REVIEW: Tear Out The Heart – Violence

Tear Out The Heart Feature 2013

Artist: Tear Out The Heart
Album: Violence
Genre: Post-hardcore
Label: Victory Records

Tear Out The Heart have only been a band for nearly two years, but in that time they’ve managed to self release an EP and land a recording contract with Victory Records. This brings us to the here and now – the metalcore quintet has created and released their full length debut, Violence. Now while we know Violence might not be the most creative or thought provoking title for a metalcore record, it certainly lines up with the album theme, sonically and lyrically.

One of the main “marketing points” of the record is the production, which was handled by none other than Caleb Shomo, the vocalist of Beartooth, and ex-vocalist of Attack Attack!. It’s easy to hear Shomo’s influence in this band’s work, whether that’s a result from them taking a page or two from his past work, or because of the creative direction provided from behind the soundboard.

Starting things off, “Dead By Dawn” gives the listener a broad look of what’s to come: riffage, breakdowns, growls, forceful clean vocals, and poppy segments that maintain a level of toughness. Spoiler alert: there isn’t much differentiation to follow this at all.

Two tracks from the record include guest vocals from Beartooth’s Caleb Shomo and Story Of The Year’s Dan Marsala, appearing in their respective order on “Undead Anthem” and “Coffin Eyes.” The former doesn’t hold up nearly as well as the latter, mostly because Shomo’s voice doesn’t add much into the track. “Coffin Eyes” on the other hand sees Marsala singing this soaring chorus all over the place in a fitting yet distinctive style.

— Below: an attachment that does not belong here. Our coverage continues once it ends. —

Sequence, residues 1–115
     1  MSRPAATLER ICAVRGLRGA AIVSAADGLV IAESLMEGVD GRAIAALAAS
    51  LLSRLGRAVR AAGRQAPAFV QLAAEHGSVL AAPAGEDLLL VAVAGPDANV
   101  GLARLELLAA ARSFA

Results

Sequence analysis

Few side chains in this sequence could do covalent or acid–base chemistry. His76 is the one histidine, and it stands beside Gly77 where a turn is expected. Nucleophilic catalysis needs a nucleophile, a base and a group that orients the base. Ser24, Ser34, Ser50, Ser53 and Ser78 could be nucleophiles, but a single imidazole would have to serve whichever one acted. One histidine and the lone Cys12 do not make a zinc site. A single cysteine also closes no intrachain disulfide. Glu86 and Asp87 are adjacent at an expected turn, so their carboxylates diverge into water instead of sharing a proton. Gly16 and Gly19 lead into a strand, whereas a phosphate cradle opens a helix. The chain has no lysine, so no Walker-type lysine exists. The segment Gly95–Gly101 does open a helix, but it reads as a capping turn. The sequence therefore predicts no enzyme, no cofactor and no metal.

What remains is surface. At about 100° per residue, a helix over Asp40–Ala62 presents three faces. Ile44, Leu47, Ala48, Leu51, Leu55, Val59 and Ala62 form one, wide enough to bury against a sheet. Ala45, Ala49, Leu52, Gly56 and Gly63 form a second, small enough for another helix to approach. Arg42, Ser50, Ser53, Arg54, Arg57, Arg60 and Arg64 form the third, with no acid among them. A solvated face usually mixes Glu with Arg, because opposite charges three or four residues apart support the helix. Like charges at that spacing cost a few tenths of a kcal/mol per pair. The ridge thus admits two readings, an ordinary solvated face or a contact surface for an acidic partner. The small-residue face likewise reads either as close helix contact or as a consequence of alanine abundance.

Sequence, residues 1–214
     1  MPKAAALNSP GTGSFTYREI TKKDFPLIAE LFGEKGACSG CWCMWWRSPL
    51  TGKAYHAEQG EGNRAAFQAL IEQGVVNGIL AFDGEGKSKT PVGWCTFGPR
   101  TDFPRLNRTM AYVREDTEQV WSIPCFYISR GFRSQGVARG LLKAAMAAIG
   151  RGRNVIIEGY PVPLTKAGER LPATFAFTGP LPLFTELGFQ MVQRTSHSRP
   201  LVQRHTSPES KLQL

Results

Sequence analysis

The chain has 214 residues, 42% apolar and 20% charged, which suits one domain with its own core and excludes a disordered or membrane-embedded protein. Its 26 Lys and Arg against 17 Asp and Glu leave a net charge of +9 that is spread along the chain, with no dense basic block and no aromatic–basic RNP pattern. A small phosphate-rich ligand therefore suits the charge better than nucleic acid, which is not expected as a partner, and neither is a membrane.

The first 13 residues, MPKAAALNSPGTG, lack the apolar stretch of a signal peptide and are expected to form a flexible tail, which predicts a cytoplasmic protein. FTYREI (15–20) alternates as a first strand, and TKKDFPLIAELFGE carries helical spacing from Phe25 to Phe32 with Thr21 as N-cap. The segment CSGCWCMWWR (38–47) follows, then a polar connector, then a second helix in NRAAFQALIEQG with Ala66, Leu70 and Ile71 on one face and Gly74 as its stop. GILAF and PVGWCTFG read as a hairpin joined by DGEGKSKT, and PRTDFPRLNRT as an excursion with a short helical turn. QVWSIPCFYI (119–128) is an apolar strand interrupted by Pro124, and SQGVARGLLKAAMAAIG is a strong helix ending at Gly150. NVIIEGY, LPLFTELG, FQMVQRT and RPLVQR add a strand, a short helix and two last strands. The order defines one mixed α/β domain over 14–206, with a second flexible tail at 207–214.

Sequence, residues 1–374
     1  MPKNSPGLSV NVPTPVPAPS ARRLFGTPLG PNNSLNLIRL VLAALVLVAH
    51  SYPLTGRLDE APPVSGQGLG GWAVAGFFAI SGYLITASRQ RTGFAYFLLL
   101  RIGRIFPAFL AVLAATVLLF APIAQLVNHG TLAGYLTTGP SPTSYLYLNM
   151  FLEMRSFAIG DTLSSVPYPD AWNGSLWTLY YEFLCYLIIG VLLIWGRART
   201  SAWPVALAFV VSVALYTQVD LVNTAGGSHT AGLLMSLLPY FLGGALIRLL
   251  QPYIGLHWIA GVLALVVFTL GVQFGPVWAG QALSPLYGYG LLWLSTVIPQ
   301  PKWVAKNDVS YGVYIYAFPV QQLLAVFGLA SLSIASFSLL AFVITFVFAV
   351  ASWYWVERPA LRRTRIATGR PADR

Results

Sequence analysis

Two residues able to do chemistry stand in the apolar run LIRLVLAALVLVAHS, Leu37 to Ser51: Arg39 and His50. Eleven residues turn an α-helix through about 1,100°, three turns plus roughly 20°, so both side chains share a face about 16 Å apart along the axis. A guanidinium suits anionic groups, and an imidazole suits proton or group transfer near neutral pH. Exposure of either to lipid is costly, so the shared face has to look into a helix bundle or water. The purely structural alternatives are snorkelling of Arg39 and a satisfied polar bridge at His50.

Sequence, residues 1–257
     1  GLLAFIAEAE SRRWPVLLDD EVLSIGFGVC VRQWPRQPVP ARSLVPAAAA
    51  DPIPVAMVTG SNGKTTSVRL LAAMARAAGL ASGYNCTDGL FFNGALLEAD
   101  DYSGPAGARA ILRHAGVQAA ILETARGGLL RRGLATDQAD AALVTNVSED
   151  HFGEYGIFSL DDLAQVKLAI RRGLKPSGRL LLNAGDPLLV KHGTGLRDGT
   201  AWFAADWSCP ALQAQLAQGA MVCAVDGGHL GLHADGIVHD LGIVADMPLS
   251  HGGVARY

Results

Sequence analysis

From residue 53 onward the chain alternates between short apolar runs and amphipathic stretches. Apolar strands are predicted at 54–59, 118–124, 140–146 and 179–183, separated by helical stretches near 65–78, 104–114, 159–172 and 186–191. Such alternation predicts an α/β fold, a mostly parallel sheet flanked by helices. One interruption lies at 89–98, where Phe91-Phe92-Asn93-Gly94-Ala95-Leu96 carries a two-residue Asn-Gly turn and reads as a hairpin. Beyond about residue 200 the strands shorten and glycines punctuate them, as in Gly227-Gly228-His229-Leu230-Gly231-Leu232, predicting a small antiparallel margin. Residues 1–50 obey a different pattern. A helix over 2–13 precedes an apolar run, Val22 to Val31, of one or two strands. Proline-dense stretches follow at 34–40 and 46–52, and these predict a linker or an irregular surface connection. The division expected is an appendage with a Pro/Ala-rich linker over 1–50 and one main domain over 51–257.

The most unique song on the record doesn’t pop up until the end. “Closure” takes on this ambient feel, straying from much of the album’s fast and frantic vibe, and with introspective and reflective lyrics to complement the instrumental side, the most memorable track of the record is made whole.

Once Violence reaches its close at “Darker Tides,” things take on more of a positive and optimistic tone. Most of the track uses this “back and forth” dynamic where bass player/clean vocalist Isaac Etter and vocalist Tyler Konersman trade-off between Etter’s choruses and Konersman’s verses in a typical post-hardcore fashion, although it is done pretty well in this specific case.

At this point in time, Tear Out The Heart’s genre is an extremely dry place where few bands are capable of providing anything new to the table. Save for a few interesting bits and pieces, there is nothing truly original about Violence, musically. However, lyrically, there are some hints of hope for better days. To fans of anything AA!-related, this might be worth checking out, but to casual fans of the genre, it is likely something to be left untouched.

Rating: 7/10
Reviewed by: Adrian Garza (Twitter)

Both comments and pings are currently closed.

Comments are closed.